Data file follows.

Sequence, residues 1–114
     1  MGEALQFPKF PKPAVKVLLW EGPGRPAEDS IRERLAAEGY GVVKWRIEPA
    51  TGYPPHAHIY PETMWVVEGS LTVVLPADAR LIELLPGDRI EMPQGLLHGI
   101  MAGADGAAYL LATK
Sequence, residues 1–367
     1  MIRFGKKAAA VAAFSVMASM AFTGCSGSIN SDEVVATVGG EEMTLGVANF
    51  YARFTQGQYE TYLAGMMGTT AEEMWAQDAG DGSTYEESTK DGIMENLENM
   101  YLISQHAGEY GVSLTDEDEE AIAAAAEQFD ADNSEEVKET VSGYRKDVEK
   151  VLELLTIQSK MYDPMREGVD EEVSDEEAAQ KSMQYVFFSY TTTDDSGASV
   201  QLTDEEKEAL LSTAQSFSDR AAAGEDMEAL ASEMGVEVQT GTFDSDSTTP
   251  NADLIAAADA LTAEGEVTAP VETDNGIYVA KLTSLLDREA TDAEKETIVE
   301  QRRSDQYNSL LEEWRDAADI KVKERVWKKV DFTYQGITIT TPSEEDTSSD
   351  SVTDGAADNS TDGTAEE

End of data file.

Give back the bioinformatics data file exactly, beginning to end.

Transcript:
Sequence, residues 1–114
     1  MGEALQFPKF PKPAVKVLLW EGPGRPAEDS IRERLAAEGY GVVKWRIEPA
    51  TGYPPHAHIY PETMWVVEGS LTVVLPADAR LIELLPGDRI EMPQGLLHGI
   101  MAGADGAAYL LATK
Sequence, residues 1–367
     1  MIRFGKKAAA VAAFSVMASM AFTGCSGSIN SDEVVATVGG EEMTLGVANF
    51  YARFTQGQYE TYLAGMMGTT AEEMWAQDAG DGSTYEESTK DGIMENLENM
   101  YLISQHAGEY GVSLTDEDEE AIAAAAEQFD ADNSEEVKET VSGYRKDVEK
   151  VLELLTIQSK MYDPMREGVD EEVSDEEAAQ KSMQYVFFSY TTTDDSGASV
   201  QLTDEEKEAL LSTAQSFSDR AAAGEDMEAL ASEMGVEVQT GTFDSDSTTP
   251  NADLIAAADA LTAEGEVTAP VETDNGIYVA KLTSLLDREA TDAEKETIVE
   301  QRRSDQYNSL LEEWRDAADI KVKERVWKKV DFTYQGITIT TPSEEDTSSD
   351  SVTDGAADNS TDGTAEE